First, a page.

Tag Info

Hot answers tagged

15

No, movement speed has absolutely no relation to attack or damage. Considering that there are ways to boost speed to stratospheric levels (literally, in the sense that you can exceed Earth’s escape velocity; before an erratum, you could even exceed c), that’s probably for the best. Instead, 3.5 and Pathfinder model the extra oomph you can put ...


13

No, wondrous items such as an Everfull Mug or Piero's Pan of Flameless Frying wouldn't overcome damage resistance (magic) if they were used as improvised weapons. Damage ReductionSRD is only overcome by magic weapons when the DR is specifically vulnerable to magic weapons and when the weapon in question has at least a +1 magical enhancement bonusSRD. ...


13

You and @KRyan are correct. all multipliers work alike (crit, lance, brace, whatever) everything is included in the multiplier except bonus dice multipliers are additive not multiplicative, see Multiplying Damage in the SRD. It doesn't say anything more about it because there's nothing more to say, the rule is simple and all-encompassing. Your math is ...


13

If a character’s Constitution score changes enough to alter his or her Constitution modifier, the character’s hit points also increase or decrease accordingly. - From the d20srd. (Thank you Tridus for the rule citation) With the +1 modifier, you've got +5 HP for being fifth level, but your wounds are still leaving you with -5 hit points off your max: 20 ...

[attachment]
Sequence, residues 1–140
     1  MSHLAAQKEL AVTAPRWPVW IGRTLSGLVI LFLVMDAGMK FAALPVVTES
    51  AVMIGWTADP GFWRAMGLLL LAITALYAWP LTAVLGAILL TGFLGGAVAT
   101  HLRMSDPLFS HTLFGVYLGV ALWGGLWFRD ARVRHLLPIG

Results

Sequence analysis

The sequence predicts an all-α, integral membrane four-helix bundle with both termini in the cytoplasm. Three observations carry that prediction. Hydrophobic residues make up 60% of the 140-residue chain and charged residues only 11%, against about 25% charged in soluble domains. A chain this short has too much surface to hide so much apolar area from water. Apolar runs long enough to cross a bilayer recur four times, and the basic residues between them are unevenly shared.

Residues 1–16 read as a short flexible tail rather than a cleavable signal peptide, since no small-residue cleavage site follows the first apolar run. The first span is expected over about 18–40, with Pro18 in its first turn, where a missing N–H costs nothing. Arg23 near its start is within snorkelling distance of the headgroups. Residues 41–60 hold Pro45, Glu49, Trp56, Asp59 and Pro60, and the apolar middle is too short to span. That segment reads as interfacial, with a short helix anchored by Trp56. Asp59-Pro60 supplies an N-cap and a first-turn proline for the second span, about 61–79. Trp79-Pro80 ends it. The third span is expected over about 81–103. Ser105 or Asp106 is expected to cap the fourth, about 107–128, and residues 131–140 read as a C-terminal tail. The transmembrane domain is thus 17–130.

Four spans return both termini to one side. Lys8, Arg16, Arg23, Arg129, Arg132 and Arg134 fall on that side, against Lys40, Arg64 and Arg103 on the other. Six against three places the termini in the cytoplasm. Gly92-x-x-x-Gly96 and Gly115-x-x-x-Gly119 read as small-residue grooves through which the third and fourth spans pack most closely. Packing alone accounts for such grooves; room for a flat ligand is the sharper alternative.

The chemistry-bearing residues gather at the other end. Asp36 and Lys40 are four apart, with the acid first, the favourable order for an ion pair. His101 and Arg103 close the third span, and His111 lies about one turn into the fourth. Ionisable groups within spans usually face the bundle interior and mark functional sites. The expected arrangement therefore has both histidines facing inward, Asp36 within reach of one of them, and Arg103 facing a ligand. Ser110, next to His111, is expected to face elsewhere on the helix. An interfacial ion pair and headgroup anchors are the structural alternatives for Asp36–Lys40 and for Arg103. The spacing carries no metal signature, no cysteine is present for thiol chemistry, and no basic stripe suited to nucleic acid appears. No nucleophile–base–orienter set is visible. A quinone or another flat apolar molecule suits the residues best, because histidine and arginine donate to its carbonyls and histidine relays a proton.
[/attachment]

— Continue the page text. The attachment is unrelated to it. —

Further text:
12

Yes. From the compendium: Teleportation *Irrelevant rules snipped* If arriving in the destination space would cause the target to fall or if that space is hindering terrain, the target can immediately make a saving throw. On a save, the teleportation is negated. Otherwise, the target arrives in the destination space. Afterwards, normal rules ...


11

It's bashing. On the same page, in an earlier paragraph, the power of Telekinesis is described as letting a ghost do "basically anything a mortal could do with his hands." Since hand-to-hand fighting does bashing damage, that's what you get. It's only if you use the power to manipulate an object, like swinging an ax, that you might get access to lethal.


10

Yes, but they get a saving throw. Teleporting them in the air counts as teleporting them into potentially damaging terrain, therefore they get a save. A successful save negates the teleport. Hindering Terrain: A type of terrain that hinders creatures, usually by damaging them. Examples: Pits, lava, and deep water. A creature can make a saving throw ...


10